For many healthy young women, breast cancer is something to think about later. Yet the disease affects one in eight women, and can develop from an accumulation of factors over time. Since October is Breast Cancer Awareness Month, start treating yourself well by focusing on the following breast health tips early.
01. Keep up with screenings.
A clinical breast exam (CBE) every three years is the most recommended screening for women in their 20s and 30s. Yearly mammograms start at forty. As for breast self-exams as a screening tool? Consider those a thing of the past; experts say they aren’t as accurate as CBEs or mammograms so it's important to get the recommended screening depending on your age and risk factors.
02. Know your breasts.
It’s important to know what’s normal for your body, even if self-exams aren’t recommended as your only screening tool. The Susan G. Komen foundation suggests noting changes in size and shape, unfamiliar pain, nipple discharge, skin rashes, or discoloration. A hard lump in your breast or underarm might be a concern, but remember that breast tissue is naturally bumpy. Tell your doctor if something worries you.
03. Check your genetic history.
Get to know your family’s health history and make a move from there. Breast cancer risk doubles when a mother, sister, or daughter is diagnosed, and triples when more than one relative is diagnosed. If so, start the mammograms at 30. Graham Colditz, MD, DrPH, of Missouri’s Siteman Cancer Center, encourages high-risk women to consult a doctor for accurate risk assessments and detailed prevention options.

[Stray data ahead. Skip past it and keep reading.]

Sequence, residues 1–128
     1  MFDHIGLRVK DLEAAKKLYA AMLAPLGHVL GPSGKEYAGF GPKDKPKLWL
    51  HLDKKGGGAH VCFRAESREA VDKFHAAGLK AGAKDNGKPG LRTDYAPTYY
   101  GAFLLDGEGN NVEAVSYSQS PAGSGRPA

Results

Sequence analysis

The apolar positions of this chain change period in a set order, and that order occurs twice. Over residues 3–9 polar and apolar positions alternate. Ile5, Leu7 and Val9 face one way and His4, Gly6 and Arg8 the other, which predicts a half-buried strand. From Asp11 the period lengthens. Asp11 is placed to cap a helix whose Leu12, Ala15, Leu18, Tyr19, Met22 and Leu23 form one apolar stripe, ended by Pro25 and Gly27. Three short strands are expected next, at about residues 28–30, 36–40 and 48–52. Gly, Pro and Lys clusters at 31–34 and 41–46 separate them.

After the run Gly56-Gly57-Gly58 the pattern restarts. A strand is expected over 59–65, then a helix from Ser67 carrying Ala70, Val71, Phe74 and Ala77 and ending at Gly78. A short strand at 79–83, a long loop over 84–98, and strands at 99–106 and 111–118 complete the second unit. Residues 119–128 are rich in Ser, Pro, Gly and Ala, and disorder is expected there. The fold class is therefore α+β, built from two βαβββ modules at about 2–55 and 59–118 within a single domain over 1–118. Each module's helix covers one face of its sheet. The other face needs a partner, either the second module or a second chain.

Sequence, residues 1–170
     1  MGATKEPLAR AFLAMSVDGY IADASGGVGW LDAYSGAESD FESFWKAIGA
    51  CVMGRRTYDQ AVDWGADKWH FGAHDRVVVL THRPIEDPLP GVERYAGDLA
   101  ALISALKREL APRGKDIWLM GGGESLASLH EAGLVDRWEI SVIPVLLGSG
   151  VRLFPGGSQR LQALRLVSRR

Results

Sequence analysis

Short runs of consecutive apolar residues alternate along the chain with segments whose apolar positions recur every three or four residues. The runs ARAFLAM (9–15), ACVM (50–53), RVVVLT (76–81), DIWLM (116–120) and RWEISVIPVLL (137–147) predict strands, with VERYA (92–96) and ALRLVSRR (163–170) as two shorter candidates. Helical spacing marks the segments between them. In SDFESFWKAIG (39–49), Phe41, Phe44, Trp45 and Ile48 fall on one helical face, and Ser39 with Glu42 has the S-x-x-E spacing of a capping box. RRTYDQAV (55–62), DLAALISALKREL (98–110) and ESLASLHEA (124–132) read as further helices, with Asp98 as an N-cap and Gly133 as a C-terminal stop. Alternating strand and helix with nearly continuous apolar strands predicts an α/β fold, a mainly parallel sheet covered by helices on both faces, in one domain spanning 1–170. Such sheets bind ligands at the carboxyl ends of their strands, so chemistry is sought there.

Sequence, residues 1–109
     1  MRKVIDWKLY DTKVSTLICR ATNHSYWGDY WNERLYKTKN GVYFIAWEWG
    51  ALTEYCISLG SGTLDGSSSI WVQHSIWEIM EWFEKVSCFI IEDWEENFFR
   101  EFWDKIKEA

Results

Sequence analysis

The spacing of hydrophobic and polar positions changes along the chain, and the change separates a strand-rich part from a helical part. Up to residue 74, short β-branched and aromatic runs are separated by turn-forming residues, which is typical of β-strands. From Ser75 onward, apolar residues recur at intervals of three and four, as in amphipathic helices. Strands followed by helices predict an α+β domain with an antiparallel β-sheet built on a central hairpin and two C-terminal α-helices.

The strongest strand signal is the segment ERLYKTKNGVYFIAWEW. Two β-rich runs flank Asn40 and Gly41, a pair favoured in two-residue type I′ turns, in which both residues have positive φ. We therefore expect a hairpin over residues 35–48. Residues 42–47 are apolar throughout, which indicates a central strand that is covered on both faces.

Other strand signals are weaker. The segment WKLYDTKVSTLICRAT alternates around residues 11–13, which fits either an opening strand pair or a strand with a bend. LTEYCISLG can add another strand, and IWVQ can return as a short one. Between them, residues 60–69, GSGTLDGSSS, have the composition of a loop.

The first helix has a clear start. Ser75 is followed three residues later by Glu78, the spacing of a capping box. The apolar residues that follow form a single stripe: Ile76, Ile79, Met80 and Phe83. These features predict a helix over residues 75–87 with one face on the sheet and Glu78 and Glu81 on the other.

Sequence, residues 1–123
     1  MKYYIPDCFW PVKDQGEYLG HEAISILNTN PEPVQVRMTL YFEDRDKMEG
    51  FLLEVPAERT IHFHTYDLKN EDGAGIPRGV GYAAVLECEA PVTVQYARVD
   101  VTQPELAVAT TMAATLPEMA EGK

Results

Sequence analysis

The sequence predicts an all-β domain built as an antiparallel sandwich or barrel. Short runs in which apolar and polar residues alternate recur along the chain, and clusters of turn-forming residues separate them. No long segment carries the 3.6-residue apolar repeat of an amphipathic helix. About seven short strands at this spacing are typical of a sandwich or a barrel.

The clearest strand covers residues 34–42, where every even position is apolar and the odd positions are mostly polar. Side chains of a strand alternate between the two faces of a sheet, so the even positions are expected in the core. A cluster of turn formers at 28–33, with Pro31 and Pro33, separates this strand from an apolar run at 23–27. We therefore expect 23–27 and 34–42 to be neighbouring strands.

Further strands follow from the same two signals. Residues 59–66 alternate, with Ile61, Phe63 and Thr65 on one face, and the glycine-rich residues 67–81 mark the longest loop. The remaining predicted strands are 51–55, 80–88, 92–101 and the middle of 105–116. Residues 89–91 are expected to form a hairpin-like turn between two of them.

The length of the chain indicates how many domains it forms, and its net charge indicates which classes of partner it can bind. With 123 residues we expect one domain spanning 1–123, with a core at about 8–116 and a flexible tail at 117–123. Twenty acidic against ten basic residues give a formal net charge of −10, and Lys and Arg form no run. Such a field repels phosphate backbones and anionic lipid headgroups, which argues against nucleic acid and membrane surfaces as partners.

04. Maintain a healthy weight.
While most breast cancers develop after menopause, extra pounds from your 20s and 30s can increase risk. “This doesn’t mean young women should obsess about weight,” says Dr. Colditz, “but a healthy approach is key to boosting lifelong breast health.” Aim for a well-balanced diet, with plenty of fruits and vegetables. For extra cancer-fighting properties, incorporate antioxidant-rich superfoods into your diet. “Try to fill two-thirds of your plate with plant foods, and you’ll be good to go,” advises Natalie Weiss, RD, LDN, author of Eating for Breast Cancer Prevention.
05. Get moving.
Studies show that exercise decreases levels of estrogen, a hormone linked to breast cancer and stored in fat tissue. Exercise also boosts your immune system and lowers your risk for other associated diseases. You’re looking at an amazing 10 to 20 percent decrease in risk. “Find something you enjoy, whether it’s yoga, Pilates, or jogging,” suggests Weiss. “Walking counts, too!”
06. Limit alcohol and tobacco.
It’s no secret that alcohol and tobacco are toxic to our bodies. “If you drink, keep it moderate. No more than one drink daily,” says Dr. Colditz. Alcohol consumption also increases estrogen levels. And while smoking has an unclear relationship with breast cancer, it can still lead to other cancers and diseases.
07. Consider breastfeeding.
Research has shown that breastfeeding may decrease the risk of certain breast cancers through estrogen-lowering mechanisms. Dr. Tina Hong, OB/GYN, shares, "There is solid evidence from numerous meta-analyses that breastfeeding lowers the risk of both hormone receptor positive (ER+/PR+) and hormone receptor negative (ER-/PR-) breast cancers. The data shows that breastfeeding for even just one year can lower a woman's risk. Please keep in mind that breastfeeding also lowers the risk of Type 2 diabetes, ovarian cancer, and postpartum depression." These potential added benefits are something to keep in mind if you choose to breastfeed your children.